The model is probably Hendrickje Stoffels (about 1625/6 - 1663). She lived in Rembrandt's household from about 1649 until her death. She became his common-law wife and bore him a daughter, Cornelia, who was baptised on 30 October 1654 (the year of this painting). It has been suggested that the sumptuous red robe on the river bank indicates that the painting might be a sketch for a religious or mythological picture; the model might be in the guise of an Old Testament heroine, such as Susanna or Bathsheba, or the goddess Diana, who were all spied upon by men while bathing. However, there is no evidence for a completed painting after this work and, moreover, Rembrandt did not use oil sketches as preparation for larger-scale paintings.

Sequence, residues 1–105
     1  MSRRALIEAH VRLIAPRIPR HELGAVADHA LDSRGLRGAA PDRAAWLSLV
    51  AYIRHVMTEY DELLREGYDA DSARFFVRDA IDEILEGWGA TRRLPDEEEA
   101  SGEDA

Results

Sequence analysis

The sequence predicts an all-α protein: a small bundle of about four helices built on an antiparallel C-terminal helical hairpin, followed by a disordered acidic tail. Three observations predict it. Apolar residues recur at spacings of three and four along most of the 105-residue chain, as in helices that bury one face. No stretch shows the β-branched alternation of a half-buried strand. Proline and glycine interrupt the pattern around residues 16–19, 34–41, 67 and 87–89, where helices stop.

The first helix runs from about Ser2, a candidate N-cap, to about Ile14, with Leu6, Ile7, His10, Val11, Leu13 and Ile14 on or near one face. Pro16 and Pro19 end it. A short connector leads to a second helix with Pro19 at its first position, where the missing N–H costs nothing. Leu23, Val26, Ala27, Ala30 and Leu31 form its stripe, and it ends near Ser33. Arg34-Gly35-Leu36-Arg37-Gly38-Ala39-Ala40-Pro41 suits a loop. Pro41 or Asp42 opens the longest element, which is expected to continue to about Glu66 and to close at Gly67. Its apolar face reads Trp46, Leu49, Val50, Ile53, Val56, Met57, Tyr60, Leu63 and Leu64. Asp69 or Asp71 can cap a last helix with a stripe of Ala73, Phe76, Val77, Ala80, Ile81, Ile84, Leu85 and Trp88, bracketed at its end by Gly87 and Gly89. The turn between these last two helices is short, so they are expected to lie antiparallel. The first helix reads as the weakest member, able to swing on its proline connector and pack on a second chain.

The handling of the paint is unusually spontaneous. The picture appears unfinished in some parts, for example, in the shadow at the hem of the raised chemise, the right arm and the left shoulder, but it was clearly finished to Rembrandt's satisfaction since he signed and dated it.